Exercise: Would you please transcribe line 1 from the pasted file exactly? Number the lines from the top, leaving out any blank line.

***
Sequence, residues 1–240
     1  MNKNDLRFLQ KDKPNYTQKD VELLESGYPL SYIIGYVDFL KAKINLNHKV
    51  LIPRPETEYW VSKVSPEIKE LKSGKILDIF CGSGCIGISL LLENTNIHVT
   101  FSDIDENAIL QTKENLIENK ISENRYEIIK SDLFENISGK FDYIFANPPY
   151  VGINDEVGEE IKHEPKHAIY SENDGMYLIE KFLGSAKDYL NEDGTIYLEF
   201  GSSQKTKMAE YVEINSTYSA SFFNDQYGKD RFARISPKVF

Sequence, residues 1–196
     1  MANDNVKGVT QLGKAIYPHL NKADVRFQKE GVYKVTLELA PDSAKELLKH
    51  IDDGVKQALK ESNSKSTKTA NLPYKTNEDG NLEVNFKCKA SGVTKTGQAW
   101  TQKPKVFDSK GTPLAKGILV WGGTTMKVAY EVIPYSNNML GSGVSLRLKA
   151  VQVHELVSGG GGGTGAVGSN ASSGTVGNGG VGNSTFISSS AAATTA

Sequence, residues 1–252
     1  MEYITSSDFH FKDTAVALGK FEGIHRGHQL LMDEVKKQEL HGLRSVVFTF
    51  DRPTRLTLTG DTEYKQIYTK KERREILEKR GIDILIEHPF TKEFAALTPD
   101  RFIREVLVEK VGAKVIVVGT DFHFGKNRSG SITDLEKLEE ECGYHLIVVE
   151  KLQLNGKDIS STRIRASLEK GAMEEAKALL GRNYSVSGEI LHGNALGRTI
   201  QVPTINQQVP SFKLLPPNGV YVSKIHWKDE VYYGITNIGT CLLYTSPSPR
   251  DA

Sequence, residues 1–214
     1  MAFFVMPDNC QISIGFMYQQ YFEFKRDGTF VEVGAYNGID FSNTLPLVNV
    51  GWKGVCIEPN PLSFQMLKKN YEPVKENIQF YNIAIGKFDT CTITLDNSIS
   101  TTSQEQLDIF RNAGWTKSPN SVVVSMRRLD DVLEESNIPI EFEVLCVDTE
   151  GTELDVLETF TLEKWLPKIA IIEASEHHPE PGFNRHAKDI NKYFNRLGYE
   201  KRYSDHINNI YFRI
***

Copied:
Sequence, residues 1–240